Interesting times for interest rate watchers.
After a fairly subdued Inflation Report earlier in the month, and comments from Bank of England Governor Carney that were widely interpreted as ruling out any increase in Base Rate this year, money markets dropped significantly, sterling weakened, and mortgage lenders started reducing their rates again.
So everyone relaxed, until this week when we found out that two members of the Monetary Policy Committee voted to increase rates right now. Which caused a bit of consternation as you may imagine.
Base Rate has of course been at 0.50% long enough to be in school now, and this is the first time anyone has voted for an increase since June 2011.
Back then we’d had three members of the MPC voting for a rise consistently for around 6 months (one of whom, Martin Wheale, was among the two this time – the others are no longer members) but then the European situation deteriorated and it all went away.
Which goes to show nothing is guaranteed, and whilst there’s rather more confidence about future moves this time around, it leaves borrowers with a dilemma.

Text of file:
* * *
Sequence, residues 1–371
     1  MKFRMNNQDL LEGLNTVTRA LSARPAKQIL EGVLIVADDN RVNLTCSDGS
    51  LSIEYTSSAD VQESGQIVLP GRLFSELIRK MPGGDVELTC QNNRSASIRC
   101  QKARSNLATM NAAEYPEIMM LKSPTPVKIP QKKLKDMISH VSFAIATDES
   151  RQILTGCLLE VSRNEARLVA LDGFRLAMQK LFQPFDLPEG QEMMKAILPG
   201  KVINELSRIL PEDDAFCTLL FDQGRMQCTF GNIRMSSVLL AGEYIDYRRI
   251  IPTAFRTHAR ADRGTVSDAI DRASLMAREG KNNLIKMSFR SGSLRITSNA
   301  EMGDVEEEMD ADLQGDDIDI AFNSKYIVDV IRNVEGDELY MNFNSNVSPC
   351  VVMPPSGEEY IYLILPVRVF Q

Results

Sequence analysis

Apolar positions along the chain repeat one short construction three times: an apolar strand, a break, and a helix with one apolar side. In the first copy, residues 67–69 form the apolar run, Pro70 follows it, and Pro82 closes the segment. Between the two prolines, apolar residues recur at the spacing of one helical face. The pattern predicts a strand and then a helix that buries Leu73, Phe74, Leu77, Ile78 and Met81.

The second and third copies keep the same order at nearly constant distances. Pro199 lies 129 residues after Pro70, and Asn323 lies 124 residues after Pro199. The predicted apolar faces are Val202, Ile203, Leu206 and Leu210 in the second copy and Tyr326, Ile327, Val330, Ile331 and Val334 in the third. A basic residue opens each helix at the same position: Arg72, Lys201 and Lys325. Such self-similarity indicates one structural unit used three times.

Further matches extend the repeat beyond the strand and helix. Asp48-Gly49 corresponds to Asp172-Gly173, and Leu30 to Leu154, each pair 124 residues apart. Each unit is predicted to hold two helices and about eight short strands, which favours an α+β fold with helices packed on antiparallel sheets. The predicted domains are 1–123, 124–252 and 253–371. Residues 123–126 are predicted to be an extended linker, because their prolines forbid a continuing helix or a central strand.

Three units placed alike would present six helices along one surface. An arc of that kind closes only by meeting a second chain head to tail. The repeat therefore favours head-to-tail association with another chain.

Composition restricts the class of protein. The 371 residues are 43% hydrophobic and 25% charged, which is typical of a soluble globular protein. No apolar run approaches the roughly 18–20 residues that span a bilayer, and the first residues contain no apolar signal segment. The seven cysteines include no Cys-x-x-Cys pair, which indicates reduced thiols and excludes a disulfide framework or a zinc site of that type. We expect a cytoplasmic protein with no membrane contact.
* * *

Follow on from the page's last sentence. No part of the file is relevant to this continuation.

Over the last week or two we’ve seen improvements from mortgage lenders including Virgin Money, West Brom, Coventry, Clydesdale, Birmingham Midshires and Natwest. Woolwich has just launched market-leading 5-year fixed rate mortgages including the first one under 3% for over a month (though only available to those borrowing £0.5million I’m afraid).
Standard form would now dictate that fixed rate mortgages start increasing again, but so far market reaction has been muted and we hear rumours of more lenders cutting rates next week.
So it’s finely balanced. On one hand, as a Base Rate move gets closer, pressure to increase rates will grow - wait too long and you’ll miss out.
On the other hand, the traditional year-end scramble for business means lenders will resist it as much as possible, and if the money markets stay low we may yet see further improvements.
That said, anyone on a variable rate mortgage is probably looking at increased payments before too much longer, so the bird in the hand may well be worth more than a slightly cheaper one in the bush.